Self-driving cars may put an end to distracted driving

Written on behalf of Abramson Smith Waldsmith LLP

According to the NHTSA, in 2017, distracted driving cost 3,166 people their lives. In California, teens were often blamed for this problem, but studies show that parents struggle just as much with setting their phone aside. This is despite the fact that there is more pressure on parents to lead by example. After all, teens are unlikely to listen to their parents when they talk about distracted driving, if the parents are still using the phone while driving.

Forbes also points out that distractions do not just come from smart phones. Sleep deprivation and substance use or abuse are also behind catastrophic motor vehicle accidents. Even so, phone makers are also trying to limit distraction. Both Apple and Google phones have automatic Do Not Disturb functions that block messages while driving.

Car manufacturers have also stepped up to the challenge. Technology detecting lane departure, speeding and forward collision can go a long way toward increasing safety on the roads. Some manufacturers have even taken it a step further. For instance, in 2017 the Cadillac CT6 included eye-tracking technology. It knows when drivers are focused on their phones instead of the road.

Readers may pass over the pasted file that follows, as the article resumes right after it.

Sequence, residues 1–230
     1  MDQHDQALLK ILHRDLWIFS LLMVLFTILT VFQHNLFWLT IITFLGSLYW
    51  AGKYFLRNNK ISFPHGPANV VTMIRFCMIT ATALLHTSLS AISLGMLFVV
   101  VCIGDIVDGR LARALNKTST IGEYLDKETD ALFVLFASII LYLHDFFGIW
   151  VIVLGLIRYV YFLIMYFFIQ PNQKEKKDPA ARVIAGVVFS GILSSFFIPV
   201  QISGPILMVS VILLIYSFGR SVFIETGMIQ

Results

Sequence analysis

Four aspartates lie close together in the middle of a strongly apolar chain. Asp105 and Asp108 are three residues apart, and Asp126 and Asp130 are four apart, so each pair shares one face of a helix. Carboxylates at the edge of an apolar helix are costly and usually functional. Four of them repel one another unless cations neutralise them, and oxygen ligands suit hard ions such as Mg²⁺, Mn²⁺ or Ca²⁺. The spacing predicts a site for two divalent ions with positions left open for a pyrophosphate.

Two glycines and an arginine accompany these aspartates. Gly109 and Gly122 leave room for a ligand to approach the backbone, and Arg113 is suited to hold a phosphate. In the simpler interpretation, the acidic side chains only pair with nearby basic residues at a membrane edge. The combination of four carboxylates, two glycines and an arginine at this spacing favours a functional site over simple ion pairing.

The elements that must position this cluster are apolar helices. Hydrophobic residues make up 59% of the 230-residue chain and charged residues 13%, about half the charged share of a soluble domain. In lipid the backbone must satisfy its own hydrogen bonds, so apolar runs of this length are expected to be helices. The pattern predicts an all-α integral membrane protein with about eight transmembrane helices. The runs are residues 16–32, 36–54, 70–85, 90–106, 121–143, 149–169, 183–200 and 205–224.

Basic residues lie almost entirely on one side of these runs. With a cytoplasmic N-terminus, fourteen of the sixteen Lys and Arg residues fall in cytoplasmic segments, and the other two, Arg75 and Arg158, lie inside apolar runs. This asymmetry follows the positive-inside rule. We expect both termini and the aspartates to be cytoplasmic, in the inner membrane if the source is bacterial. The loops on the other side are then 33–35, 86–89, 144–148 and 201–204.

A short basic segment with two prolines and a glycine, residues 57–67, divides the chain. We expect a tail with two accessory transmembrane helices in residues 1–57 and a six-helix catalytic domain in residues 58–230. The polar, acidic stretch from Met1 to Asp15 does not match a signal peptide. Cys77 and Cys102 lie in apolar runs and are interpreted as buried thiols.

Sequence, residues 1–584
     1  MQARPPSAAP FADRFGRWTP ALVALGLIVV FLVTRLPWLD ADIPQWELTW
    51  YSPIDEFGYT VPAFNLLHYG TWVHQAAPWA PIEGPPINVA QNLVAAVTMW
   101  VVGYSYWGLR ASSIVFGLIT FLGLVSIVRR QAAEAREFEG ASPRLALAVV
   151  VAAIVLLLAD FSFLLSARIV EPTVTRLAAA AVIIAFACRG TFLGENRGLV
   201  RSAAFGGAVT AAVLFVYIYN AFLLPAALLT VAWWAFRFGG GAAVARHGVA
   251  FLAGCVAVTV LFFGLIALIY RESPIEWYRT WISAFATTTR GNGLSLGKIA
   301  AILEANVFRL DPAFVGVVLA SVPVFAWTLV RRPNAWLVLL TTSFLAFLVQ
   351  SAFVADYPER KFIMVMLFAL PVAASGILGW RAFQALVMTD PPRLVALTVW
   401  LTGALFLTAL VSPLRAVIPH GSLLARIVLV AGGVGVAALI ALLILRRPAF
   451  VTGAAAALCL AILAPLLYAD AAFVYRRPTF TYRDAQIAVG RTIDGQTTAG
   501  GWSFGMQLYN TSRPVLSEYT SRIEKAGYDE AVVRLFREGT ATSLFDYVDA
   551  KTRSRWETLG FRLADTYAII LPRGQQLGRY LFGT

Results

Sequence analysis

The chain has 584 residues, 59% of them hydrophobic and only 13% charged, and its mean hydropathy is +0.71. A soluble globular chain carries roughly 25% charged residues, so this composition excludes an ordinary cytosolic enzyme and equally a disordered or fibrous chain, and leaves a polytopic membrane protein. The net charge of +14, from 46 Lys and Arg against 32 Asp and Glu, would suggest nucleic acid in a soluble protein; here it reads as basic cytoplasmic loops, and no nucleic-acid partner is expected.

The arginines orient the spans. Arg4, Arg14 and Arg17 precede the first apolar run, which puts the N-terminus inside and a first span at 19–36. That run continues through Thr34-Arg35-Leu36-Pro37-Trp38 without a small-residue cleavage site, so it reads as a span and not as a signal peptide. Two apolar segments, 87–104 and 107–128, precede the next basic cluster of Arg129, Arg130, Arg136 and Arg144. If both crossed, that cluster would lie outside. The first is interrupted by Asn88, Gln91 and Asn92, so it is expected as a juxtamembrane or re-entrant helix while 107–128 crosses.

Additionally, the founder of Tesla claims America is very close to Level 5 autonomous driving. Put in simpler terms, the car would be able to go from Point A to Point B with no intervention from its occupants. In this instance, it would not matter if people were on their phones or not. Even so, not everyone can afford a Tesla. Thankfully, Google has also been testing their self-driving cars, particularly in California.

Many argue that the technology is already in place to put self-driving cars on the road full-term. However, despite the increasing love for Tesla, Americans may take some convincing before handing over the reins to the motor vehicle becomes an acceptable form of road use.

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